Guidelines for Exporting VoiceThreads

VoiceThreads can be exported as video files (.mov) that include all slides and comments played in sequence. You can export as many threads as you wish, but it will take an investment of time.

If you used VoiceThread simply to present your own content (e.g., lectures), your downloaded exports can be uploaded to your Kaltura My Media library and shared with students in future classes. As a bonus, machine-generated English captions will be added automatically when you upload the video to Kaltura.

If you have a VoiceThread that includes student comments and you wish to reuse it as a video presentation in a future class, before exporting it, you should first create a copy of the VoiceThread that includes no comments or only instructor comments. Export that “clean” copy to comply with Family Educational Rights and Privacy Act (FERPA) law. By law, you cannot share student comments from one class (not even the identities of those students) with another class in the same or future semesters.

Please refer to this knowledgebase article on exporting VoiceThreads and downloading those exports. Note that UWGB’s license includes an unlimited amount of “export credits.”

TIP: To quickly access your personal VoiceThread home page and see your library of threads, first launch any VoiceThread in Canvas, then navigate to voicethread.com/myvoice.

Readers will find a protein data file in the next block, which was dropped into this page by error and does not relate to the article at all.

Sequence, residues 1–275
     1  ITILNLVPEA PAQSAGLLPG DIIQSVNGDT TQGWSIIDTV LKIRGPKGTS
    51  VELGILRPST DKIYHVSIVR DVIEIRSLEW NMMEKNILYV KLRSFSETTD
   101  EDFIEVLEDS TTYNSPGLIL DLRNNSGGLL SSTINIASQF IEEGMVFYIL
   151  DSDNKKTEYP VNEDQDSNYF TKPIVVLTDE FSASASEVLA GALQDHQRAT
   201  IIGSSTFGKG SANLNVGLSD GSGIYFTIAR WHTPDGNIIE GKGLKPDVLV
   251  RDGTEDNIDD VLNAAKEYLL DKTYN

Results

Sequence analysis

Please export any VoiceThread content you wish to keep a copy of before June 1, 2022.

Questions?

Please remember that CATL is here to help! If you would like help adapting your VoiceThread activities and assignments, we encourage you to request a consultation, email CATL@uwgb.edu, or call us (465-2541). A CATL team member would be happy to assist you.

Presentation & Discussion: Planning for Our Pedagogical Futures (Apr. 21, 1–2 p.m.)

Join Christin DePouw (Associate Professor, Education & 2021-22 EDI Consultant) for a presentation and guided conversation on Thursday, Apr. 21 from 1–2 p.m. Our institution’s strategic plan includes becoming a Hispanic Serving Institution (HSI), which means becoming more responsive and welcoming to the students within Green Bay Area Public Schools and surrounding districts. Together we will discuss some of the teaching implications of becoming an HSI and how we as culturally sustaining/responsive educators can ensure a welcoming and inclusive environment within the shifting demographics of our classrooms and university.

Register Here for a Teams Meeting Invitation

Resources and Session Recording

You can watch the recording from this session and engage with some reflection questions with the PlayPosit bulb in this blog post.